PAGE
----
Sleigh Ride. A happy, upbeat winter song. When I was in my teens my family would go out to Aspen and we would take sleigh rides. If you have ever been on a sleigh ride at night under a blanket with the bells ringing it is something you never forget.
Do You Hear What I Hear? That is a song that plays to your heart about remembering the reason for Christmas. It is a song that ties together the message of Christ and his birth and the inclusion of everyone from the lowly shepherds to the kings and how they relate to the King of Man.
Oh Holy Night. I happen to love the chorus. It brings me almost to tears every time I sing it. It is a song you feel. The words fit the music but you have to sing it with emotion. When you declare “fall on your knees” it vibrates throughout your body in an almost holy way.
It’s Beginning to Look a Lot Like Christmas. That is a song that reminds me of going at night down Fifth Avenue in New York and going into F.A.O. Schwarz as a kid with my parents. It’s about all of the wonderful windows and the sounds of Christmas – the bells ringing for the Salvation Army, the vendors selling chestnuts on the street, Saint Patrick’s Cathedral all decorated for Christmas. It was so exciting for me to get to go to New York or Chicago around the holidays. I loved it all.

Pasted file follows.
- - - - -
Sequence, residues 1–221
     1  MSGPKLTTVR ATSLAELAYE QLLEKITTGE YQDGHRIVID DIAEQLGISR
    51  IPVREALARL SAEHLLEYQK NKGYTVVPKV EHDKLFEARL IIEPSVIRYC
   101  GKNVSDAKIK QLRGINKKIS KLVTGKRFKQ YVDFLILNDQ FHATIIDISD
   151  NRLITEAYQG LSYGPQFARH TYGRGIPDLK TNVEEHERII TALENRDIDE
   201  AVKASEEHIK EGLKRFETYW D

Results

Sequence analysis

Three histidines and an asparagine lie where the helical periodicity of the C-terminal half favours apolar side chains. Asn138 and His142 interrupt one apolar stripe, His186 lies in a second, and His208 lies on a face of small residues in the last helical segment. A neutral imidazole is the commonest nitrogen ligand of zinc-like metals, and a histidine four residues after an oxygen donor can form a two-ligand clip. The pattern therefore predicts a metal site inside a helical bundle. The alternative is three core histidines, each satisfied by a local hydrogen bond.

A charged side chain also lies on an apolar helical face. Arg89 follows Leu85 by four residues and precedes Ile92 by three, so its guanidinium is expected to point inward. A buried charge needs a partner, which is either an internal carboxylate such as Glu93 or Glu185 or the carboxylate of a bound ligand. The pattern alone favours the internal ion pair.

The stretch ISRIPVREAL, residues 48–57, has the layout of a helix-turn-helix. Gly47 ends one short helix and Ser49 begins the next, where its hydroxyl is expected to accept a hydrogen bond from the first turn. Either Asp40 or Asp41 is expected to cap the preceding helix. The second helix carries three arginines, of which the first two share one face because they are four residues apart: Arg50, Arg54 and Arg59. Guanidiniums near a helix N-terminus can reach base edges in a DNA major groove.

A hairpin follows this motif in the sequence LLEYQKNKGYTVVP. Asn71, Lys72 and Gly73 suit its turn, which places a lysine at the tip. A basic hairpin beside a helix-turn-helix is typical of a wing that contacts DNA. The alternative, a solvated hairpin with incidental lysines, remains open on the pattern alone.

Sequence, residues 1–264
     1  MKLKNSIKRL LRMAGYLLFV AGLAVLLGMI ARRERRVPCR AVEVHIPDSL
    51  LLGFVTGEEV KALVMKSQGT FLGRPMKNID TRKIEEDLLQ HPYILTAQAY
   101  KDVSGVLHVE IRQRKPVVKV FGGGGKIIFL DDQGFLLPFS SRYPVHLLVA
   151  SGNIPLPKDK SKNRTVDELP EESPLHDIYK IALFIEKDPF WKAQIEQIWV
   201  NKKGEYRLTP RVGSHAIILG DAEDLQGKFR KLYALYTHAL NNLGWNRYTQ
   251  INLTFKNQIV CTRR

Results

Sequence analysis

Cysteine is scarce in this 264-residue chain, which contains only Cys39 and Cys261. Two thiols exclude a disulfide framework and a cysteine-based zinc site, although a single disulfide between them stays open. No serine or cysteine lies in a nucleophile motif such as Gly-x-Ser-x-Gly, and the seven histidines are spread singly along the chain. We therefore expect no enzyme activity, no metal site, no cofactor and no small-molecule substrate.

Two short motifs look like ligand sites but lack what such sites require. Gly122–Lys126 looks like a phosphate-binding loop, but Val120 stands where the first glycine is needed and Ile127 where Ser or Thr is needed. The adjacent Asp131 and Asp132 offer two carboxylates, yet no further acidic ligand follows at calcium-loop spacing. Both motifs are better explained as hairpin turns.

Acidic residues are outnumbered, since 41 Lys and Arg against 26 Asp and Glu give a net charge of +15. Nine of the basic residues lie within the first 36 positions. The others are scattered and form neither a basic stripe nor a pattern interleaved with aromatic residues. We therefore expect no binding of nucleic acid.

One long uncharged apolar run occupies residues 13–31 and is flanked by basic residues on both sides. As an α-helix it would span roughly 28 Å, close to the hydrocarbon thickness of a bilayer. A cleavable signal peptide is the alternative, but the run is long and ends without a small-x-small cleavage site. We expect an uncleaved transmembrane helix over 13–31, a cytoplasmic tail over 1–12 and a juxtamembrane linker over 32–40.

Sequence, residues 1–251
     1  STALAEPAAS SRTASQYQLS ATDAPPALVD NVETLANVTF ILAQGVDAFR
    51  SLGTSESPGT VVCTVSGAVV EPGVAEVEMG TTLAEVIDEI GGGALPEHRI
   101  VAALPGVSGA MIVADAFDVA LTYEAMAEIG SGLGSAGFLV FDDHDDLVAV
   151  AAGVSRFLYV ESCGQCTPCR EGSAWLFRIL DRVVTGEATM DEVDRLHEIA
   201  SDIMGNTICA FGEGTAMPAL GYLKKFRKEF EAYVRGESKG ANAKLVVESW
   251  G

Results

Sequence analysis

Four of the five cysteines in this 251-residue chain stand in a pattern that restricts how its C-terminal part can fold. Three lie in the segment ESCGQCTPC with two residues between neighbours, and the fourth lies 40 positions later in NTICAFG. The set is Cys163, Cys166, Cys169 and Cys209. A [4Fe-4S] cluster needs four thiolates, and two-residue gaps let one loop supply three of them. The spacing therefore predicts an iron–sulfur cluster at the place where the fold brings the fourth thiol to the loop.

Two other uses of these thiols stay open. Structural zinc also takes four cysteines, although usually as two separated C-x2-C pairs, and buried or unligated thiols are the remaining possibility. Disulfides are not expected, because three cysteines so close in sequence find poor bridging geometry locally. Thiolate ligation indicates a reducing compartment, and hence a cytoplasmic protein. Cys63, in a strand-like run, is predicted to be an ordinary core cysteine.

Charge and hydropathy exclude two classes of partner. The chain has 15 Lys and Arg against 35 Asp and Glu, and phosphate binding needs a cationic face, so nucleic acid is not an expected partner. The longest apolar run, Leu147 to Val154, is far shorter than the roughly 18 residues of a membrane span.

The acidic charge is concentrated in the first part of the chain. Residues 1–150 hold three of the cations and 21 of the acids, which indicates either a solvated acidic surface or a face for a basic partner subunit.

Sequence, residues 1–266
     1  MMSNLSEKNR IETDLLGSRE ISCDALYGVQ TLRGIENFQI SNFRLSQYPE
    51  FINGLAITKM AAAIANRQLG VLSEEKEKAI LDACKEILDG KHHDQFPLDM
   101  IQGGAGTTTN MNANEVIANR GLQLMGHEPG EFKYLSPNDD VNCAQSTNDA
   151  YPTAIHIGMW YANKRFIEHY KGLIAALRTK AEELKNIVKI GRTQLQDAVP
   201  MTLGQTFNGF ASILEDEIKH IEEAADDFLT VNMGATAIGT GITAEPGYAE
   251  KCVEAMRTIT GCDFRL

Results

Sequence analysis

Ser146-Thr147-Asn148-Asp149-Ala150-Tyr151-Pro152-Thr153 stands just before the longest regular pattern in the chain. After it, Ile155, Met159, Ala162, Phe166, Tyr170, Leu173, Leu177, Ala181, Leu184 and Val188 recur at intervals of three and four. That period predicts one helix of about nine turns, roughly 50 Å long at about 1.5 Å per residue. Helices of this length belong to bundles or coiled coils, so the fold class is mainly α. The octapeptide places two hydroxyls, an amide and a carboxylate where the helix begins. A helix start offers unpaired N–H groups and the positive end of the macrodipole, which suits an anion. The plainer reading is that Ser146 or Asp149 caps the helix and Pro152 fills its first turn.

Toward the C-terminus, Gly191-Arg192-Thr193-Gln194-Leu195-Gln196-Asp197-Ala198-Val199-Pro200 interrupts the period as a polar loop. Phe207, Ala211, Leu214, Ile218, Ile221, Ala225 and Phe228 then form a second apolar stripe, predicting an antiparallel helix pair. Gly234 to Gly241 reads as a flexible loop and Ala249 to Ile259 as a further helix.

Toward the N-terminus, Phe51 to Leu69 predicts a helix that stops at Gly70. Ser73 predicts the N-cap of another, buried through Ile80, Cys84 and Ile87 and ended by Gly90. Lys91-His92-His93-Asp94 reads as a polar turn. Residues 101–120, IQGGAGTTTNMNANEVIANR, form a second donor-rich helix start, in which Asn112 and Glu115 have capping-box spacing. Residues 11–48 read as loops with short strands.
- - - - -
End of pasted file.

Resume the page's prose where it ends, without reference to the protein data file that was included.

Silver Bells. More about a feeling than it is about a particular image. It is a feeling of Christmas – of warmth and people being together. In the big cities people are more open and the speak and say Merry Christmas. Silver Bells evokes those feelings.
The Christmas Song. This is not a song I ever thought deeply about – it was more of a fun song about people.
I’ll be Home for Christmas/Home for the Holidays Medley. I put these songs on the CD hoping that people would be listening to it with their families and thinking of their families during the holidays as so many people do. It is that time of year to be with and think of the ones you love. Intentionally there to tell the story about getting together as a family and that is why I grouped them that way. This is the time to be together and share something very special.
This week marks the 101st birthday of the legendary crooner, Frank Sinatra who remains as popular as he was throughout his career. Andrew Heller has studied Sinatra, his signature style and interpretation. Heller is an expert on why Sinatra and the songs of the American Songbook are as relevant today as the first time Sinatra approached the mike and mesmerized audiences in his memorable performances.
How Sinatra forever changed the Great American Songbook.